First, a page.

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J Neuropsychiatry Clin Neurosci. 2001 Spring;13(2):171-86.

The clinical role of computerized EEG in the evaluation and treatment of learning and attention disorders in children and adolescents.

Author information

1
Department of Psychiatry, Brain Resarch Laboratories, New York University School of Medicine, NY, USA. bob@br14.med.nyu.edu

Abstract

Quantitative EEG (QEEG) can play an important role in the evaluation and treatment of children and adolescents with attention deficit and learning disorders. Children with learning disorders are a heterogeneous population with QEEG abnormality in 25% to 45% of reported cases. EEG slowing is the most common abnormal finding, and the nature of the QEEG abnormality may be related to future academic performance. Children with attention disorders are a more homogeneous population, with QEEG abnormalities in up to 80%. In this population, frontal/polar regions are most likely to show deviations from normal development, with the thalamocortical and/or septal-hippocampal pathways most likely to be disturbed. QEEG shows high sensitivity and specificity for distinguishing normal children and children with learning disorders and attention disorders from each other and may provide useful information for determining the likelihood that children with attention problems will respond to treatment with stimulant medication.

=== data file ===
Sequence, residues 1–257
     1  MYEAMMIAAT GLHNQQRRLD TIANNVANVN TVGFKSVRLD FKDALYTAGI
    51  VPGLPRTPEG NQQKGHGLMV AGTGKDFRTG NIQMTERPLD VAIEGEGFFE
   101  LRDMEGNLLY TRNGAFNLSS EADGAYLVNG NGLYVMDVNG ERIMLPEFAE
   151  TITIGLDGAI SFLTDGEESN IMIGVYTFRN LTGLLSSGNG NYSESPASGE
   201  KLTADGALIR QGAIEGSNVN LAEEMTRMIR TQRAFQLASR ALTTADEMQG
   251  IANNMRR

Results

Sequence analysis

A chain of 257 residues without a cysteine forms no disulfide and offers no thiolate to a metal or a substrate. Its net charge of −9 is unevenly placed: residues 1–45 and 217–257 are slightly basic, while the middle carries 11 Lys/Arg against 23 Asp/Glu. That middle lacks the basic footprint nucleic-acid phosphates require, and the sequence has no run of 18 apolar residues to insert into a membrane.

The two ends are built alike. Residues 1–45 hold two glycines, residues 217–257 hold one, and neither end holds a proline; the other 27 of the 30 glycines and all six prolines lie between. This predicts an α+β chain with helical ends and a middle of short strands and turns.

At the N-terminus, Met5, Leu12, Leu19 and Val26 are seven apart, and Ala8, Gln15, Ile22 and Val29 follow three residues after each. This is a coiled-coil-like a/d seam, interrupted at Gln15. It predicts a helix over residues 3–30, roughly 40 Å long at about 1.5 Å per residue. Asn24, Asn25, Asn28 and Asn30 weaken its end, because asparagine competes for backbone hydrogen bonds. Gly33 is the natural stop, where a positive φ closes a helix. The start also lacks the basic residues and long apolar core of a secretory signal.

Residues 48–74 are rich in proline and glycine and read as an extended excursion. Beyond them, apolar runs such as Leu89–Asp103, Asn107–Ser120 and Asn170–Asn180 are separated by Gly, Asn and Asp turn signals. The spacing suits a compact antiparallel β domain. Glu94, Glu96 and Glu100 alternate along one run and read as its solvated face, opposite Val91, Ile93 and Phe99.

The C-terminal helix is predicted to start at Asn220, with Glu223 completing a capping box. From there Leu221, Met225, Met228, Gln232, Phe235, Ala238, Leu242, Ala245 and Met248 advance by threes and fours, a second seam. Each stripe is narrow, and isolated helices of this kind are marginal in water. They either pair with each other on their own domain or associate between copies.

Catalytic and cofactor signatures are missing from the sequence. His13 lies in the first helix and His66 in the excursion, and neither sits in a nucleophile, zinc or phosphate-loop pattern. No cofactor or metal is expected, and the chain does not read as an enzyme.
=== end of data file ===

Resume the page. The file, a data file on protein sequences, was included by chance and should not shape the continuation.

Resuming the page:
PMID:
11449024
DOI:
10.1176/jnp.13.2.171
[Indexed for MEDLINE]

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